I need to catch up on a few Q&As so I apologize if it’s already been answered, but could Brian show the Lamy LX gold pen next to the new Bronze Al-Star so we can see the difference in color? Write Now only compared past Al-Stars which doesn’t help me because I don’t have any of the ones they talked about. Thanks!
- sure, the Bronze is more orange, the LX has metal accents and a black nib, plus the snazzy case
5) Steven G- YouTube
how did big historical events of the last century (like WWII) effect the development of fountain pen technology/industry/etc? It’s hard to not notice that most (if not, the best) pens are coming from Germany, Italy, & Japan… I think I’ve posed this question for Q&A several times before, and maybe you guys thought I was joking, but no. I was not, haha…
- I didn’t want you to think I was consciously ignoring you, but I will confess I’m not a history buff or WWII expert
- Richard Binder has a number of good e-books on pen history
- Andy Lambrou’s books Fountain Pens of the World and Fountain Pens of Japan have a lot of rich history in them
- I have other books on Sheaffer, Pelikan, Platinum, but I haven’t read them all through
- clearly something like a world war will influence all industries, pens included
- fountain pens were in their hey day in between WWI and WWI as it was, and these tools were in demand, it was also the rise of the industrial revolution
- there were a lot of pen companies that were born, died off, or changed with WWII, it was such an influential period for industry
- I know specifically the name Pilot came out of WWII, it was originally Namiki but they changed it to have less stigma after the war
6) muallaemine- Instagram
I was wondering why Aurora as a brand isn’t mentioned more. I mean it’s their centennial year and I know you mentined it a couple of q&as ago; but nowhere near as much as Namiki/Pilot or Platinum. İs it a business strategy on Aurora’s or your part? Or is the brand not as hot as other italian pen makers such as Visconti or Pineider etc? I’m curious about it because Aurora is my favourite italian brand, and I might be totally wrong, but somehow I feel it doesn’t get as much attention as the others. Why is that?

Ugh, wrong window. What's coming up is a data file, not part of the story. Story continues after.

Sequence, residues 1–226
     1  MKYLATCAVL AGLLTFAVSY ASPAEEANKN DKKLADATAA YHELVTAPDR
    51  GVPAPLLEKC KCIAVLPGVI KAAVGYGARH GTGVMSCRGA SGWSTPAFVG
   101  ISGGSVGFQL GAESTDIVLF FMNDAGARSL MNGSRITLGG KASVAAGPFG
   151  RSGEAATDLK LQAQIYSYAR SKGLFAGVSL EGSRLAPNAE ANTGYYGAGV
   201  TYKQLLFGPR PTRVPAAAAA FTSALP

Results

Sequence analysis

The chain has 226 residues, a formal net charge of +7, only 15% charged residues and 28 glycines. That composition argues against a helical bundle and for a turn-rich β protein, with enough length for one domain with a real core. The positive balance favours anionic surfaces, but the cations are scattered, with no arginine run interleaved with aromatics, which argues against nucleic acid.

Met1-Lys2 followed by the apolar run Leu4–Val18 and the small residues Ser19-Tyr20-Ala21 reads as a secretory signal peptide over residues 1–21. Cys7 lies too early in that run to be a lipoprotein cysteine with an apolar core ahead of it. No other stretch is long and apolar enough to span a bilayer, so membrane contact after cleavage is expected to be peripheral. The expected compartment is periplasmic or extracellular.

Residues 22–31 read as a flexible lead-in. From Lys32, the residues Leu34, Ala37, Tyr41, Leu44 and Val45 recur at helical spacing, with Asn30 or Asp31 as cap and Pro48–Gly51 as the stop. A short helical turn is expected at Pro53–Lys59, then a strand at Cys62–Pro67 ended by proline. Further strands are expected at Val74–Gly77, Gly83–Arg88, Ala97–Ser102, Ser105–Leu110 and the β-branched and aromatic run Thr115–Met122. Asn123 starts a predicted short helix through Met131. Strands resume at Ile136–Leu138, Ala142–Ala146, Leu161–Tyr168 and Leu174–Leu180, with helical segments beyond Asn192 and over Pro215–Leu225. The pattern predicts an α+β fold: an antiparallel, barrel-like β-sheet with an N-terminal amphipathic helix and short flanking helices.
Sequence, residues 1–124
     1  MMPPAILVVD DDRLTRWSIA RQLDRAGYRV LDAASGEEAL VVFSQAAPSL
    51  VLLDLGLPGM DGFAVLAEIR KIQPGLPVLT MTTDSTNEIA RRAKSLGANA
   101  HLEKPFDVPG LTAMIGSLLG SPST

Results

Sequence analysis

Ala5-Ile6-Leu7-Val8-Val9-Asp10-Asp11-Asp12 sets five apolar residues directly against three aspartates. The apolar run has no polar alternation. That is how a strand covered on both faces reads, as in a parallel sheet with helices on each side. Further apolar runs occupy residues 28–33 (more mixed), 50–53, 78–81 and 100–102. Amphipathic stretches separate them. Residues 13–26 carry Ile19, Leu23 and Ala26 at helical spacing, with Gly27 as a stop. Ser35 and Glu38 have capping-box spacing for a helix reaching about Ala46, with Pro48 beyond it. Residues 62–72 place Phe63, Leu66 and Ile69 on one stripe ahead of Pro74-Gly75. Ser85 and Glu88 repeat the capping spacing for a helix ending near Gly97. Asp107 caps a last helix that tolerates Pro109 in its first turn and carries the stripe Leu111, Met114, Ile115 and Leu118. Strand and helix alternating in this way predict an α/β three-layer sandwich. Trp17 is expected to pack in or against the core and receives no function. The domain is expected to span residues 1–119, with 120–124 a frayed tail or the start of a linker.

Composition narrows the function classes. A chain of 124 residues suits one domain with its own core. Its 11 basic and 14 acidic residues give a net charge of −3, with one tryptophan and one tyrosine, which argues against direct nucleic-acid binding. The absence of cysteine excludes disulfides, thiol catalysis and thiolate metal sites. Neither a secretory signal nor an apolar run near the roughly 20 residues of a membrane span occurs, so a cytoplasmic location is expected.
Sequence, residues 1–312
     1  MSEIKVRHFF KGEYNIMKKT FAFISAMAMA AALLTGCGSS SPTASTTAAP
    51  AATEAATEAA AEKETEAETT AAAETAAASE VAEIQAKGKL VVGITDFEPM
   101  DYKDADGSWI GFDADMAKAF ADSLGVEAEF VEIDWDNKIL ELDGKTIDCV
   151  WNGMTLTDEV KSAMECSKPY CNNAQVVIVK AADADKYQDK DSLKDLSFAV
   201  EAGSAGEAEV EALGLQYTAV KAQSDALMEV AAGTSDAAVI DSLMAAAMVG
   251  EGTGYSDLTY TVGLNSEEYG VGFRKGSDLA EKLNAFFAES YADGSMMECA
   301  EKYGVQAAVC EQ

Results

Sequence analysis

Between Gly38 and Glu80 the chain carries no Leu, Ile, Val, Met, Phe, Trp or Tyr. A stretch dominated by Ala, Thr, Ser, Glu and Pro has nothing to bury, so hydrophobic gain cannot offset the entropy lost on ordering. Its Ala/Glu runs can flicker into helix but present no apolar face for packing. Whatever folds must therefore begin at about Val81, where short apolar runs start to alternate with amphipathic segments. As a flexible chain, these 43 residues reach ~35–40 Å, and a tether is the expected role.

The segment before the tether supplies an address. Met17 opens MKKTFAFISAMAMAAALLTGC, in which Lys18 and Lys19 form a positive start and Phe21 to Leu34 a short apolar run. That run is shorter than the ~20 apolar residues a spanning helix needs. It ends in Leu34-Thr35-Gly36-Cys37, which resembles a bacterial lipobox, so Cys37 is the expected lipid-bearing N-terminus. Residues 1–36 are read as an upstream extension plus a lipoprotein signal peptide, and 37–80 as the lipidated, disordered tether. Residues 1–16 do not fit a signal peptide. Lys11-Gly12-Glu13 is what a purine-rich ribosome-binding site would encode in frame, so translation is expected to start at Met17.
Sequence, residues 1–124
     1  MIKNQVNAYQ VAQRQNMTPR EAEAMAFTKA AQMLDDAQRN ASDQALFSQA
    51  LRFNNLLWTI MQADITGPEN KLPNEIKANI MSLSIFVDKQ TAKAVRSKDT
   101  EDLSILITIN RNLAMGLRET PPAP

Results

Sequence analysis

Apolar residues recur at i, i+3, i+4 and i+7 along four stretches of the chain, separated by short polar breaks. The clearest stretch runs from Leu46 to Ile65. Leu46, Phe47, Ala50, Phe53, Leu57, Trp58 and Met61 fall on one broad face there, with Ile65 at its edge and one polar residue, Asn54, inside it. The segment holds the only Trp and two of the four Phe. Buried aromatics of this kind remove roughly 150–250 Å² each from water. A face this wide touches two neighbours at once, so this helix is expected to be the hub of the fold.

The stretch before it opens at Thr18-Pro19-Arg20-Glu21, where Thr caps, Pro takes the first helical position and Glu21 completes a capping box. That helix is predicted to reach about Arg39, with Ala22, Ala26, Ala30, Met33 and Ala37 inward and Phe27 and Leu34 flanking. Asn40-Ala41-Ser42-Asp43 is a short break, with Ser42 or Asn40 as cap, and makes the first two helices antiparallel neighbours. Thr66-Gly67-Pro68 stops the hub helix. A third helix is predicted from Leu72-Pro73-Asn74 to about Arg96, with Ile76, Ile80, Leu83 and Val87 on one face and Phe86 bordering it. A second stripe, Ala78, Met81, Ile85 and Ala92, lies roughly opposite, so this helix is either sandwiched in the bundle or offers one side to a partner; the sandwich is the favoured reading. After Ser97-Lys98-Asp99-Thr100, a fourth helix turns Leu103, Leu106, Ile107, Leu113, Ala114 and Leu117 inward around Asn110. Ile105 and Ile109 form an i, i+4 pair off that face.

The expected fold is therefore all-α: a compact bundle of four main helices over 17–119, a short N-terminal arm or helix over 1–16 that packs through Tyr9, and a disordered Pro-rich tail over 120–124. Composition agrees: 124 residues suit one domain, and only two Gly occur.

- yeah, I totally hear where you’re coming from!
- Aurora has a loyal following, but it’s largely established with people who already know about them
- it’s definitely not a strategy to NOT talk about them, part of it is they have fewer models and colors, and they haven’t been coming out with as much in terms of new stuff
- they are also all in the several hundred dollar range on up, so there’s a barrier to get into it
- They’re actually a very established, very good size company with a rich history, but they haven’t focused quite as much on the US market as Visconti and Pineider, so they just don’t get as much attention
- They’re working on it though, and this is something I’m talking about with their US distributor
7) @RadicalxEdward- Twitter
I’ve been REALLY wanting to know since I got my Travelers notebook, has Brian ever gotten ink on his notebook and since I’m so paranoid about it happening to me, is there anything that can be done to clean it without ruining it if that happens? I get ink on myself constantly.
- oh sure I have, nothing major but little bits here and there
- I’ve spilled coffee on it, that’s for sure
- part of it will be your own mindset around it, personally, I like the characteristics it builds with carrying it around, scratching it, staining it, showing that it’s living life!
- not everyone feels that way, but I personally find it freeing to just let it be
- I don’t have any specific cleaning instructions other than wipe with water and dry quickly, if there was a major ink spill on it I’m not sure how you’d clean it to perfection again because it’s a natural material
8) Savannah S- Facebook
How do you find local fountain pen peeps? I know there’s gotta be more pen people around me but I feel alone.
- Most of us feel alone, there’s no question, we’re all that “one weird pen person” in our office, but I promise there are others around you
- Facebook is a great place to connect, especially because you can start meetups/events within groups, or reach out through private groups like Goulet Nation, FPN Facebook, and others
- Reddit can find some folks, Fountain Pen Network, Pen Addict Slack, or just Google your city name with “pen club” or something similar and see if there’s already a pen group